The Death Of Education Reform?

Just a few years ago Democrats were playing a lead role in pushing for broad-based reform of our nation’s public schools. Using rigorous and regular testing of student academic progress to generate the necessary data, money and resources were poured into a “moon shot” effort to make quality education available to all children by turning government and private philanthropy into partners in creating a new paradigm for a national public education system that seemed unable to shake off its bureaucratic mindset and incrementalism. Billions upon billions of taxpayer dollars and private wealth washed into our nation’s public schools, and the high hopes attached to all this money seemed a sure sign that monumental changes were at hand.

Watching the momentum for K-12 education reform now grinding to a screeching halt around the nation, one cannot help but be struck by the shocking efforts of so many leading Democrats to now reduce or de-emphasize academic assessments, roll back charter schools, and embrace the ossified civil service approach of the nation’s teacher unions.

Were reformers fooling themselves all along regarding the possibilities for dramatic progress?

Even putting aside the strong political headwinds now facing school reform advocates, the sad truth of the matter is that change always required a willingness to both stand up to the political power of teacher unions and aggressively deregulate public education in order to introduce real market incentives—and market risk—to a system that both has historically been run according to the priorities of teacher unions and is populated by many teachers and administrators who have no interest at all in abandoning their entrenched civil service protections.

Improvements in the quality and academic outcomes of our nation’s public schools was also always an uphill fight because resistance to reforms was made all the easier by the extraordinary “local control” baked into our nation’s tens of thousands of autonomous public school districts, which have shown themselves to be largely impervious to any changes beyond the most cosmetic simply by virtue of their sheer numbers. The net result is that school reformers have spent decades banging their heads into a brick wall of fantastically fragmented bureaucratic obstinacy designed to protect well-paid but marginally competent teachers and administrators who find any effort to quantify outcomes, develop cost-benefit analyses, or (gasp!) insist upon accountability antithetical to their mutual goals of ironclad job security and guaranteed salary enhancement.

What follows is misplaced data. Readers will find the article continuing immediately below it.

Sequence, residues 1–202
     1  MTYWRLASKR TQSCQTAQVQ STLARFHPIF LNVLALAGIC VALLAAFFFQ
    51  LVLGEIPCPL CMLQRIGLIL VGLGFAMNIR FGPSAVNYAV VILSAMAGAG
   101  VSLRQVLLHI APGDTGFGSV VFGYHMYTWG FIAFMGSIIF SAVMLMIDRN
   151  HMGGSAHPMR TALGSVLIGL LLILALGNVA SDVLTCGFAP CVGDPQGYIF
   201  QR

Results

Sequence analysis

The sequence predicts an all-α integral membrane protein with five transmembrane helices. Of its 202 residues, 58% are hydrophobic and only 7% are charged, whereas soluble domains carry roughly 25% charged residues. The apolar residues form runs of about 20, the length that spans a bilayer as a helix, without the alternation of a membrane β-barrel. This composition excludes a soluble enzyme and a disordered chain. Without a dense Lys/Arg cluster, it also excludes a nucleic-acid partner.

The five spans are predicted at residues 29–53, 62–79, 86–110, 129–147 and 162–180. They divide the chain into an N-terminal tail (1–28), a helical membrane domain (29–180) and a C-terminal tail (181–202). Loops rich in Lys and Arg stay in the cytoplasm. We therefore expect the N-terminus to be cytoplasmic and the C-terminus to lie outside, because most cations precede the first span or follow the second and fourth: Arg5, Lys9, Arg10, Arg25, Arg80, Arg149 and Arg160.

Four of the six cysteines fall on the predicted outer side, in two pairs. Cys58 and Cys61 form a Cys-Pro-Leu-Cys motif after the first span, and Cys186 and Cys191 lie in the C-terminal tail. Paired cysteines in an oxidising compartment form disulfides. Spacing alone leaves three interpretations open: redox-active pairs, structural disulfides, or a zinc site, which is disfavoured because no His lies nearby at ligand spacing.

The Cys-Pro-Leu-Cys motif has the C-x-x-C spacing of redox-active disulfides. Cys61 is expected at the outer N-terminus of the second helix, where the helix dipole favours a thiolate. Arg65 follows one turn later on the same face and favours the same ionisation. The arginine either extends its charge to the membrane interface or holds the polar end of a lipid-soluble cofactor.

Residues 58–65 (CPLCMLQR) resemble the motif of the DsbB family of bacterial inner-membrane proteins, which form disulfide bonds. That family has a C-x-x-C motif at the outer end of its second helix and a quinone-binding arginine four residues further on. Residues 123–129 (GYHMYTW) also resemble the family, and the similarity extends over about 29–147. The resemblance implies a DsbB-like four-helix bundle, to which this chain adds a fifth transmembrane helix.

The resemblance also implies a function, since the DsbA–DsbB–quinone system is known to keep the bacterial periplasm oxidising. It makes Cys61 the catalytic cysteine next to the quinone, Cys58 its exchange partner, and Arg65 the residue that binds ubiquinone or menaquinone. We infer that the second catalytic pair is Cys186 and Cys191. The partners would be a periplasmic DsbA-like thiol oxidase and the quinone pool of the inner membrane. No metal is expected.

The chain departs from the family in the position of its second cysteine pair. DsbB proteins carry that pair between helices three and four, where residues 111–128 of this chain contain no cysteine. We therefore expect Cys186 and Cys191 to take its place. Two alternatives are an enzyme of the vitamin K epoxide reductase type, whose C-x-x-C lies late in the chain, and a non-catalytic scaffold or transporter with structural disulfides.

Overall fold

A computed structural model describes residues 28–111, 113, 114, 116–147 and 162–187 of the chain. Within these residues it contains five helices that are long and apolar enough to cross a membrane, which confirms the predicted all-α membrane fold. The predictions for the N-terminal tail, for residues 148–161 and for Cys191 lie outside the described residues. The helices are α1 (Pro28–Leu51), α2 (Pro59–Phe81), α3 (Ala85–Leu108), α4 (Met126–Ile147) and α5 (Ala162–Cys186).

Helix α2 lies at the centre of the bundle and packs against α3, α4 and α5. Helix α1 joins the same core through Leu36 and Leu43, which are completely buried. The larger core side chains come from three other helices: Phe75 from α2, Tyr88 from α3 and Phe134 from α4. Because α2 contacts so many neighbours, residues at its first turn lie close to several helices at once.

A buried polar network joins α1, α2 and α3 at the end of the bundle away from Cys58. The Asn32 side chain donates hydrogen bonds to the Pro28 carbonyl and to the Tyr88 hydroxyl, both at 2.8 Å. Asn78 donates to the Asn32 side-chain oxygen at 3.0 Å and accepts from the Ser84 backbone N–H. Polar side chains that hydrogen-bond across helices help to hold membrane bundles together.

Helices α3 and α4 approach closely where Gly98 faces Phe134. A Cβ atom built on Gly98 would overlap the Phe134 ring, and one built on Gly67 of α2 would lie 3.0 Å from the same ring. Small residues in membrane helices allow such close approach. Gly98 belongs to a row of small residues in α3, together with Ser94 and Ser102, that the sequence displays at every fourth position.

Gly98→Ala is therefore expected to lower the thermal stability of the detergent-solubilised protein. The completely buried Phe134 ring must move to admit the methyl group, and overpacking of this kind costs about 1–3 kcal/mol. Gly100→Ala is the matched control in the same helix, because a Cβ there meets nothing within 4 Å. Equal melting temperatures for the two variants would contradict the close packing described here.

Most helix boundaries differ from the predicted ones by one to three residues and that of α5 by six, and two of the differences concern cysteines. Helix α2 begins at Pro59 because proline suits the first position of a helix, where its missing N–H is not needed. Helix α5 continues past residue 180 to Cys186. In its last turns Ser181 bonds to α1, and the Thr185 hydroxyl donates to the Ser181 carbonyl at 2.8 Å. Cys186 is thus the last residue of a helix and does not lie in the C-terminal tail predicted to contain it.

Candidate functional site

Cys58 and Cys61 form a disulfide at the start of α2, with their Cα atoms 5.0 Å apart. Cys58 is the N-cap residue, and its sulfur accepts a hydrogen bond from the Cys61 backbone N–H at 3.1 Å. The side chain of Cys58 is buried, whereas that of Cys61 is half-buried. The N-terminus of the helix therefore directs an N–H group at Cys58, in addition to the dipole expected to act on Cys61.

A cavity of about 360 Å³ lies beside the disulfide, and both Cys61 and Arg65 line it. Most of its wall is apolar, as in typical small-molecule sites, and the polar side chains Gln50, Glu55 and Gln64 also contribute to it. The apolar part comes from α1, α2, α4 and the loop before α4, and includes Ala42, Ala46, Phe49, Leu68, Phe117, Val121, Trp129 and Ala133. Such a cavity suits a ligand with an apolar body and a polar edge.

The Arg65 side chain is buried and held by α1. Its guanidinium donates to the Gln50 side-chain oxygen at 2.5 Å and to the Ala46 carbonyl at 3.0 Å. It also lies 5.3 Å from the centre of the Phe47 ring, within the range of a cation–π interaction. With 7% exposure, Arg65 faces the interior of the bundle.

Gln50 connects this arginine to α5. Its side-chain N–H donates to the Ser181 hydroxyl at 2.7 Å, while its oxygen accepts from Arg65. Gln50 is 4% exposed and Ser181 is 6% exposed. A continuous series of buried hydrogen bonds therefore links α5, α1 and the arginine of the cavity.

The real lesson of the past several decades of education reform is as simple as can be: You cannot force changes upon a system that has little real interest in what passionate—but too often ineffectual—reformers are trying to sell. It is always easier for the education insiders to insist that the problems with student learning are due to external societal and cultural factors, so miserable academic outcomes cannot be blamed on the schools themselves.

However, the challenge today facing reformers is the increasingly close relationship between teacher unions and the Democratic Party. Unless this is somehow severed right now, real reforms will continue to be measured with an eye dropper in the decades to come.